Healthy – check. Married – check. Kids –check. Job – check. Roof-over-your-head – check. Ebola, Syria, poverty, water shortage and hurricanes – none of those threats are in your vicinity or imminent for you. So why the hell are you frustrated? Why am I frustrated? Cause I know I could do better. I could do more. Or simply, because I have everything else. Because I take things for granted. Because I have the luxury to think. Something that some several billion in this world don’t have. So, I’m spoiled.

And this is where I take a more close-up look at my everyday-life – the 5-year old stroking my hair and asking if I’m are alright, telling me “I love you mum”. I think of the really nice wine I enjoyed drinking last night, and the metro leaving on time. And here I take a deep breath. One that lets me get rid of stress and anxiety (and frustrations). One that lets me acknowledge the luck I have not to leave in fear, to be free, educated and and not to hunger. I take a deep breath and thank the universe for that.

After that deep breath it’s good to become creative at least in the kitchen. This adds to the psychological feeling of equilibrium.

bolle og vin

There is a recipe for Skillingsboller (‘Schilling’ Buns ) a typical Norwegian treat. Bake these buns. While waiting for the dough to grow you get some time to calm down in a slow way. A glass of red wine adds to that. After the buns are done – share them with someone you care for.

And it is only after getting into some sort of balance again you can start pondering again about how to extend your life project.

#Crime and Punishment

A few weeks ago I went to prison. It was only for a few hours as part of an excursion at work. It was interesting and a bit mind-blowing. Seeing with my own eyes the everyday life of convicts. Not feeling free to do everything on our mind is one thing – being locked up physically and deprived of our freedom is quite another. For some people prison becomes everyday life following a path of criminal activities – and for those who get caught and face imprisonment there is plenty of time to think about the concept of freedom.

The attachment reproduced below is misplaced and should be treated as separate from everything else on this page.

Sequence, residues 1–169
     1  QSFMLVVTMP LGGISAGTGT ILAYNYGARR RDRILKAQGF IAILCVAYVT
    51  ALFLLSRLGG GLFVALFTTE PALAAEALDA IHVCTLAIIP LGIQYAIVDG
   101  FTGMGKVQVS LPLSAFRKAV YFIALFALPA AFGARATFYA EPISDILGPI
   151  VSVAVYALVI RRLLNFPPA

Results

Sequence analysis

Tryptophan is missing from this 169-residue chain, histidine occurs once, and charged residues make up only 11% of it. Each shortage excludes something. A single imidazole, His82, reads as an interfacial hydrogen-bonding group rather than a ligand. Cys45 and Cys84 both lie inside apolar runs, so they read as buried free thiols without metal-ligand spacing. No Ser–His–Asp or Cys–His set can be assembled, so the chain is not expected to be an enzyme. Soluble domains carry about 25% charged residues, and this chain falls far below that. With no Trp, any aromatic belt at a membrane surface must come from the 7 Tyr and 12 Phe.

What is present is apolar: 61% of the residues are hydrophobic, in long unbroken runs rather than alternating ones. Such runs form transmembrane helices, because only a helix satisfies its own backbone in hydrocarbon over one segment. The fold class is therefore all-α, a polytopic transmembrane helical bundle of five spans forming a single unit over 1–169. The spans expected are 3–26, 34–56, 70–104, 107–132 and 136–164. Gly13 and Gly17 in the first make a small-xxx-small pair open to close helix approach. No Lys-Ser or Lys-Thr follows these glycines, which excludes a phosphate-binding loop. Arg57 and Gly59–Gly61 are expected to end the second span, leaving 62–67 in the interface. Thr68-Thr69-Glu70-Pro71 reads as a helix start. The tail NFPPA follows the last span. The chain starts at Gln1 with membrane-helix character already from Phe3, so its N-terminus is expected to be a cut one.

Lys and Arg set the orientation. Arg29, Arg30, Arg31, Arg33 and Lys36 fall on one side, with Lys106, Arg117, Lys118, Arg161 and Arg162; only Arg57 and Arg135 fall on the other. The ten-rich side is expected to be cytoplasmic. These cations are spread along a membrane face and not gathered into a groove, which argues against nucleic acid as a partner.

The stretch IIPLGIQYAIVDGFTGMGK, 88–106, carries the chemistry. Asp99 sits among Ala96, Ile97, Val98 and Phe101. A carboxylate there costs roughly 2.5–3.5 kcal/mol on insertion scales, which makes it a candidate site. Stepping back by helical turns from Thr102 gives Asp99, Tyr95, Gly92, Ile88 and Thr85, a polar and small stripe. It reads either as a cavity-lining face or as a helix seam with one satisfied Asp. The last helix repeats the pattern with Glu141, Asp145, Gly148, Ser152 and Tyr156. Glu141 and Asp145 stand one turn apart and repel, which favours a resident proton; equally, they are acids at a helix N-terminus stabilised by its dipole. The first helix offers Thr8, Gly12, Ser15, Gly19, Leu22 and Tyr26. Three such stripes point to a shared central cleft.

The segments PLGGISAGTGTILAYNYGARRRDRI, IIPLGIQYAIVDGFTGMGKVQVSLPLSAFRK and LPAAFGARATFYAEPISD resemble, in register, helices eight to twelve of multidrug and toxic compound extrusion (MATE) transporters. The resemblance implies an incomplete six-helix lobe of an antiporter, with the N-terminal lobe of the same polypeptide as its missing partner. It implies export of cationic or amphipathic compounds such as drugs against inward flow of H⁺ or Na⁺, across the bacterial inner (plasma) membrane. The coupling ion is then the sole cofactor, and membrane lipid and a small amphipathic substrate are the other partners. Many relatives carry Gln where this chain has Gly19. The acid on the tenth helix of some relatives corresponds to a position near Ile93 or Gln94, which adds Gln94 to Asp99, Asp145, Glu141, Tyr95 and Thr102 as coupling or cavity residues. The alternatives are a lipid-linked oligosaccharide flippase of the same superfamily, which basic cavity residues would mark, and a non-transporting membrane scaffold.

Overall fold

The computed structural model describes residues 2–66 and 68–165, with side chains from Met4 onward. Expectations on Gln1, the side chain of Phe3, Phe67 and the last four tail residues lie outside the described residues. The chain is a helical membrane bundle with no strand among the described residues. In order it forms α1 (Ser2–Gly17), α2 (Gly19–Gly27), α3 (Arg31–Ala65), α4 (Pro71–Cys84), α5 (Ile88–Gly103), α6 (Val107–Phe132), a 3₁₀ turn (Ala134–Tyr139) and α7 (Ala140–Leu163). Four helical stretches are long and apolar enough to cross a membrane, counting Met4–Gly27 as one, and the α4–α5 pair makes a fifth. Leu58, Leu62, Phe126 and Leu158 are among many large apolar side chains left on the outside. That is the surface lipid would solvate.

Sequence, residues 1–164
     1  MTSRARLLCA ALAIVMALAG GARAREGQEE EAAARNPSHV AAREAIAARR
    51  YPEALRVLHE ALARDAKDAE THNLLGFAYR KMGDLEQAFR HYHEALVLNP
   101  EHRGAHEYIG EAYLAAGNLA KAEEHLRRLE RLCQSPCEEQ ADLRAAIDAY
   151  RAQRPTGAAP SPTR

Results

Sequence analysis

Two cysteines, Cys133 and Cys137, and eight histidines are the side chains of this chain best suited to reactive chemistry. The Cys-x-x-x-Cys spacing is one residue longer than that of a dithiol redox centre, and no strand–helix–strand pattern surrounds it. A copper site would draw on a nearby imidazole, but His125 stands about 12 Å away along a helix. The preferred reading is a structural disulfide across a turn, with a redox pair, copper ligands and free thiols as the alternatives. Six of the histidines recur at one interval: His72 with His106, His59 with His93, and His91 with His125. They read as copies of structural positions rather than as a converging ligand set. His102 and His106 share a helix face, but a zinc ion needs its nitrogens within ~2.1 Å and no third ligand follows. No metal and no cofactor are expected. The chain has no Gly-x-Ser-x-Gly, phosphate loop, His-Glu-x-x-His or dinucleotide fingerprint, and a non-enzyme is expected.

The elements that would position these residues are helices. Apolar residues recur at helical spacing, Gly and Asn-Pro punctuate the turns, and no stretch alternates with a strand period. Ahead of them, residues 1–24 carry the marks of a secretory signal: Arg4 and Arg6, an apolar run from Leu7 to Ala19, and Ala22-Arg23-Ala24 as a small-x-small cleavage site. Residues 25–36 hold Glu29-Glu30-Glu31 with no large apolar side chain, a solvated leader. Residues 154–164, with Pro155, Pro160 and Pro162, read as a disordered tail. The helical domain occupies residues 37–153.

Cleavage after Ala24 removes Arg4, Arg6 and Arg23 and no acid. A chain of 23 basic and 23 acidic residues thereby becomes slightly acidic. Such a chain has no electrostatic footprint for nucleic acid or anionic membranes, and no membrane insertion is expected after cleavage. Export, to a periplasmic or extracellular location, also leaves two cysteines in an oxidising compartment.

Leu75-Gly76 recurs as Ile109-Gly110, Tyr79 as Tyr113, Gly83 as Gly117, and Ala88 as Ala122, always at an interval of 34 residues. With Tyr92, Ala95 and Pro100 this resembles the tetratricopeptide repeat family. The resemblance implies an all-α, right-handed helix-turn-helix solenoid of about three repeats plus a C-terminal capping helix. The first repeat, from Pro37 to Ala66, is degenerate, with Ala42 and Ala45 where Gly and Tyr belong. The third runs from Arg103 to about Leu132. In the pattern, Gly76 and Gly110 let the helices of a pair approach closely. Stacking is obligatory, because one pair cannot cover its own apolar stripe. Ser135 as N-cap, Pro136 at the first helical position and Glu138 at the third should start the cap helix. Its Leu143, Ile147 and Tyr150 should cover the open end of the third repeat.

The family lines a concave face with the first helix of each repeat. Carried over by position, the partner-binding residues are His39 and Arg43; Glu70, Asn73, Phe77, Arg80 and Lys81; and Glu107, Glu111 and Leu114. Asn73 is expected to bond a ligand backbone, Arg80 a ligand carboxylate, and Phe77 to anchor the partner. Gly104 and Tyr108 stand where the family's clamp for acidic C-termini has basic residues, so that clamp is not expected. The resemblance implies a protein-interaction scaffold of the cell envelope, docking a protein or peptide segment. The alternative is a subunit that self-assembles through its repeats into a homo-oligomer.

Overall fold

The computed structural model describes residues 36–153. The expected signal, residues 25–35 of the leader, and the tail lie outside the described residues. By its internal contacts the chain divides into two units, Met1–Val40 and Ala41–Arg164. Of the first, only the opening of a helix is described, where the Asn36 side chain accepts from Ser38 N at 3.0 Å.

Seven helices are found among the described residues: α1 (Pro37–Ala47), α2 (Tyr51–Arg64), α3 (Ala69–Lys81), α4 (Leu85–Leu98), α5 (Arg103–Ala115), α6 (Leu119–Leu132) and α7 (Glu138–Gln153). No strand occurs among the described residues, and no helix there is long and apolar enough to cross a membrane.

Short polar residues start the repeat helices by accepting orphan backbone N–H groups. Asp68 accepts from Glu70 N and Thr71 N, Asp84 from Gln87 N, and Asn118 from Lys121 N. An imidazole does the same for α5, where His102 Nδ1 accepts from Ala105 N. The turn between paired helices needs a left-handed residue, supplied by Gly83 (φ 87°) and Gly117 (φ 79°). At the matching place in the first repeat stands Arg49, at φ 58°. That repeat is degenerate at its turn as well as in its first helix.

Punishment is one of the pillars of our societies – if you do something wrong you have to pay for it. Both to scare other people off doing the same thing and to remedy the deed done. The importance of realising what you have done and the impact it has made for others is normally made clear when we are very young. Mum, dad or some other grown-up will (hopefully) promptly ‘arrest’ any child hitting another child. Maybe the child will be asked to go to her room to think about it. Or at least say she is sorry and not do it again. An important goal as a parent is to make sure that our children will become law-abiding* citizens who will not get into trouble.

So what if your offspring got involved in something that would get him or her behind bars? What would be your prime concern? How would it affect your son or daughter? Would the shame be the biggest challenge to bear? Or the worry that life will never be the same? Imprisonment is hard for the prisoner but may be as challenging for their relatives, spouses, kids and parents. And the golden standard of normality stands clear – is it possible to move on, get back on track and take up a life to be proud of?

Halden fengselThe prison I spent some hours in is a state-of-the art prison in Norway. It is a modern facility with a range of available services like a visitors apartment, workshops to do different craftings, very nice library, kitchens to cook, a garden and much more. It is also invested a lot of money in art-work within the prison-walls,  for instance some street-art by the “Norwegian Banksy” – an artist who calls himself Dolk. The prison has been mentioned as the most humane prison in the world. Many would say that this is way too good for people who have done bad things – not worthy of someone who has taken someones life or hurt others badly. Well, if you are close to a victim or a victim yourself you might easily feel that it is right that a perpetrator should endure some hardship, and definitely not being pampered and offered numerous possibilities of personal development.  While fully supporting victims needs, it is important to look at the full picture – as we probably don’t support the idea of locking people up and throwing away keys, we are all much better off with convicts who are treated, trained and given therapies.

Surprisingly or not – a humane approach to punishment seems to work. The number of people committing new crime in Norway is lower than most other countries. The main goal of the system is to rehabilitate the criminal and make it easier to get back into society in terms of work, education and social life. Which is something you should be relieved to learn – both as a parent and a convict.

*= only valid for functional democracies

Source picture: f-b.no